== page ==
The Right to Self-determination
Abhoud Syed M. Lingga
Executive Director, Institute of Bangsamoro Studies
Q – What is the right to self-determination?
A – Right to self-determination is the right of peoples to
- freely determine their political status; and
- freely pursue their economic, social and cultural development
Q – How do people understand self-determination?
A – There are diverse interpretations of self-determination, among which are:
- Decolonization interpretation – This is associated primarily with the process of decolonization that occupied territories have the right to independence.
- Freedom from foreign domination interpretation – Sovereign states should be free from occupation by foreign troops and free from interference by foreign governments in their domestic affairs.
- Nationalist interpretation – The right of peoples who are holder of the right to self-determination to their own state, or effective control of their territory within a recognized state.
- Minority right interpretation – Minority peoples have the right to political, economic and cultural autonomy.
- Democratic governance interpretation – Peoples have the right to determine their own destiny within existing states through democratic practices. Proponents of this interpretation associate the principle of self-determination with popular sovereignty and representative governance.
Q – What are the aspects of the right to self-determination?
A – The right to self-determination has political, economic, social and cultural aspects. For this right to be fully effective, the implementation of the right to self-determination should be geared towards the realization of the political, economic, social and cultural sovereignty of peoples who are holders of the right.
Q – Who are holders of the right to self-determination?
A – According to the Report of the International Conference of Experts organized by the UNESCO Division of Human Rights, Democracy and Peace and the UNESCO Centre of Catalonia held in Barcelona on November 21-27, 1998, the holder of right of self-determination are people described as group of individual human beings having some or all of the following common features:
- common historical tradition
- racial or ethnic identity
- cultural homogeneity
- linguistic unity
- religious or ideological affinity
- territorial connection
- common economic life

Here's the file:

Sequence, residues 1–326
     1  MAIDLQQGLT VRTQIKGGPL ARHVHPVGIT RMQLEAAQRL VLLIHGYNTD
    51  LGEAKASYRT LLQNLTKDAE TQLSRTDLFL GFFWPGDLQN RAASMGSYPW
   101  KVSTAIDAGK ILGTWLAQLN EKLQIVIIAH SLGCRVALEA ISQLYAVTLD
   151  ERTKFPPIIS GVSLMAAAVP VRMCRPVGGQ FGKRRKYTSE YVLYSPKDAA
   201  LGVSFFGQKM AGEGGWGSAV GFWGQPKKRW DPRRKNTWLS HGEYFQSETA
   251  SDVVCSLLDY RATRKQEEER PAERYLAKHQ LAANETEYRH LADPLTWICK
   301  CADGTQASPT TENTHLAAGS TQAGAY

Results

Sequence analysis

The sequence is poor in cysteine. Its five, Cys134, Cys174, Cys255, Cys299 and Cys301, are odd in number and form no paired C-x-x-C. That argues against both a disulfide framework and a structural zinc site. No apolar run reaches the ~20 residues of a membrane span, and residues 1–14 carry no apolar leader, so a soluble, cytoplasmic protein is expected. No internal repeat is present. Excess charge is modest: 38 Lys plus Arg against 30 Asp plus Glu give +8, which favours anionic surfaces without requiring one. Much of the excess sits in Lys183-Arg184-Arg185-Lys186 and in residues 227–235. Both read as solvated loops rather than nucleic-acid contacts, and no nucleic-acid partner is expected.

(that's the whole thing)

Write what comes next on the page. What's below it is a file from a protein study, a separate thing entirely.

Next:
Additionally, the UNESCO experts stated that “the group as a whole must have the will to be identified as a people or the consciousness of being a people.” The people, according to the experts, must be of a certain number, which need not be large but must be more than “a mere association of individuals within a state”. The existence of “institutions or other means of expressing its common characteristics and will for identity” is also important.
Q – Is the right to self-determination collective or individual right?
A – There are divergent opinions whether the right to self-determination is an individual right or collective right of people. The emerging consensus is that right to self-determination can be simultaneously an individual right and a collective right.
Q – How does the principle of self-determination evolved?
A – The emergence of the principle of self-determination can be traced back to the nineteenth century. It gained prominence after World War I when President Woodrow Wilson of the United States included it in his Fourteen-Point peace plan. President Wilson called for “a free, open-minded, and absolutely impartial adjustment of all colonial claims, based upon a strict observance of the principle that in determining all such questions of sovereignty the interests of the populations concerned must have equal weight with the equitable claims of the government whose title is to be determined.” The principle further evolved in the United Nations system.
Q – Is the right of peoples to self-determination enshrined in United Nations instruments?
A – Yes, the right of peoples to self-determination is enshrined in many United Nations instruments, among which are:
Article 55 of the United Nations charter provides that the UN shall create “conditions of stability and well-being which are necessary for peaceful and friendly relations among nations based on respect for the principle of equal rights and self-determination of peoples . . .”
Article 1 of the International Covenant on Economic, Social and Cultural Rights (ICESCR), and Article 1 of the International Covenant on Civil and Political Rights (ICCPR) provides, “All peoples have the right of self- determination, including the right to determine their political status and freely pursue their economic, social and cultural development.”
General Assembly resolution 1514 (XV) of 14 December 1960 states that, “All peoples have the right to self-determination; by virtue of that right they freely determine their political status and freely pursue their economic, social and cultural development.”
Q – What is the obligation of the state party to these UN instruments?